A disused Tube station which Sir Winston Churchill used as a retreat during the Second World War could finally be opened to the public again, 80 years after the last passengers disembarked.

Down Street station in London's Mayfair district has been closed to the public since May 1932 due to low passenger numbers.

The station was later used by the British prime minister's war cabinet after architects created wood-decked meeting rooms and underground living accommodation for up to 40 people.

Transport for London (TfL) is now inviting businesses to submit innovative ideas to transform the forgotten station into a commercially viable business as part of its plans to generate £3.4 billion in non-fare revenue to reinvest in the transport network.

Graeme Craig, TfL's director of commercial development, said: "This is a fantastic building. It is in the heart of Mayfair, it's got great heritage, it's been an important station.

"But it has not been used for 80 years. The challenge we have is in a complex difficult space, what uses can we bring to this station? How can we bring it back to life?

"It's not straightforward - we have spent months trying to work through whether it can be used at all. We are now confident that it can be."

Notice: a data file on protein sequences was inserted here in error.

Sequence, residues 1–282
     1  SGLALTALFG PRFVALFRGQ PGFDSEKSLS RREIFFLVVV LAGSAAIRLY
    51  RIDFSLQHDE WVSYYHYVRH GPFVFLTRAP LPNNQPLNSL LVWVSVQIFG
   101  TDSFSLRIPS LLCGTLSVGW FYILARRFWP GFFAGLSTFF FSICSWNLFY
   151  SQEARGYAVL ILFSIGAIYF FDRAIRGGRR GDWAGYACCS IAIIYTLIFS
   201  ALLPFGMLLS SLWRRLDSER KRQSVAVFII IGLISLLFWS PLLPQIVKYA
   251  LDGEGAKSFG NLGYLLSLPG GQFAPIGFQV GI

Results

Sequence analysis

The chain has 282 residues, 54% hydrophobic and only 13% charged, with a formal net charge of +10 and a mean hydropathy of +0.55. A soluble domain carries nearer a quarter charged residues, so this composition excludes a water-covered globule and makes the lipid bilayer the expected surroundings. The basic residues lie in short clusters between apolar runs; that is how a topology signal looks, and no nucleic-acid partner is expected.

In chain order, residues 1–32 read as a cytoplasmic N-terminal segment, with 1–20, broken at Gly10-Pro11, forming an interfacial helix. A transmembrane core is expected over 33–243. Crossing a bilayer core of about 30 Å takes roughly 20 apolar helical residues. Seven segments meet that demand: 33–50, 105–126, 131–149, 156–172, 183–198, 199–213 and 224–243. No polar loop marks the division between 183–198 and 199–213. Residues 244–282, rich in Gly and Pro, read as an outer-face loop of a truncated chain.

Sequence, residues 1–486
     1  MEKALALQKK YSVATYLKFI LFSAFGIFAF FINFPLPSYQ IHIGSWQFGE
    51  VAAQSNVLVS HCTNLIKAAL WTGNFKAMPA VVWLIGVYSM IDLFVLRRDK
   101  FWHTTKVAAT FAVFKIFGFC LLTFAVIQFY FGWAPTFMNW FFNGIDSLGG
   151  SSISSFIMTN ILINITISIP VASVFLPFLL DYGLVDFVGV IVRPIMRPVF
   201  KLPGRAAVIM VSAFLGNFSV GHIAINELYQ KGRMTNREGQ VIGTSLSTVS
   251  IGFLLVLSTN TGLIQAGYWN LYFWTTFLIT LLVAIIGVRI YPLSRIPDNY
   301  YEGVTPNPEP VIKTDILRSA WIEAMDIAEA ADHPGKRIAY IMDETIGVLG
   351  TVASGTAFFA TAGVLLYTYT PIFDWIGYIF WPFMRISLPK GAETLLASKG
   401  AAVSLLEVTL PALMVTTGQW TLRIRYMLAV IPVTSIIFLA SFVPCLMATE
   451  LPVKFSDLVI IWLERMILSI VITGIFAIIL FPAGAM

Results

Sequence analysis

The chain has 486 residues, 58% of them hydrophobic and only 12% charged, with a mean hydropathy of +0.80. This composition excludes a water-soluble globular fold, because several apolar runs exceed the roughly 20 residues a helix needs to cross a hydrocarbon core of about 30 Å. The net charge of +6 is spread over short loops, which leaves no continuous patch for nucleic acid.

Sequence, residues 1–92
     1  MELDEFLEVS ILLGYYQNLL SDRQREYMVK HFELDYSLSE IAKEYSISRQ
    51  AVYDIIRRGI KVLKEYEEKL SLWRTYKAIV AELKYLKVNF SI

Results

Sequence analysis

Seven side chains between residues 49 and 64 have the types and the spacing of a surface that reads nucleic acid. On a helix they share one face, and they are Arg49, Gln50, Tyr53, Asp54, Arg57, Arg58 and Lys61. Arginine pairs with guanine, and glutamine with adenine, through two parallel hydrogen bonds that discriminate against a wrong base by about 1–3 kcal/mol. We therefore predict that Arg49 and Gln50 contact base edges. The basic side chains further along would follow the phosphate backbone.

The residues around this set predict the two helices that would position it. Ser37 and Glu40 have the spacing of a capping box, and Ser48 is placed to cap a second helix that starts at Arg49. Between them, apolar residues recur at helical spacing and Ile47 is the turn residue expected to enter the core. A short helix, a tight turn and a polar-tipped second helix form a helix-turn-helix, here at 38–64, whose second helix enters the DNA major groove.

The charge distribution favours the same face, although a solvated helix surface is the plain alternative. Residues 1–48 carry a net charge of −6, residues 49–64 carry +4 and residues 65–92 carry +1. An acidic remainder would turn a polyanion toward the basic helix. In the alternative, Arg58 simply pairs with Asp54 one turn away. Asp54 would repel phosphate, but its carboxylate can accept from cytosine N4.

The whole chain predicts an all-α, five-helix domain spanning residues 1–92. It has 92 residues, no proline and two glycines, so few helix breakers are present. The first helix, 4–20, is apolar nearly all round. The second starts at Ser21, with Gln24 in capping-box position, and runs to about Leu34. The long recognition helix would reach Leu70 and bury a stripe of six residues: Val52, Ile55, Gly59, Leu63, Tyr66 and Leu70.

Down Street station opened on the Great Northern Piccadilly and Brompton Railway in March 1907, but suffered from low passenger usage due to its proximity to existing stations Hyde Park Corner and Dover Street (now Green Park), and a reluctance from Mayfair's residents to use public transport.

The station later played a vital role in the Second World War when it was used as the protected underground headquarters for Churchill's railway executive committee.

It is believed the location close to Westminster made it popular with Churchill. A disused bathtub which forms part of the living quarters still bears the inscription "WC".

Although the station is closed to the public, it is still in regular use as part of the day-to-day operation of the Tube. TfL will lease out part of the station to businesses who have the ability to use the space to "create something exceptional and establish the next chapter in the station's history".

Mr Craig said: "The combination of space, history, and location, makes this a unique opportunity. We are looking for a partner with the imagination to see the potential here and the capability to deliver it."

"Adjoining parts of the station are still required for running the Tube, but we will work with interested parties to ensure the commercial and operational activities can happily co-exist.

"I think given its location in Mayfair, given the history, this is something that will probably end up being a low footfall, possibly high value location - maybe a gallery, exhibition space, a restaurant. That's why we are choosing to run the competition that we are."

It is hoped the station could be renovated within the next two years.

Other disused Tube stations have been used for theatrical events, filming opportunities and retail hubs.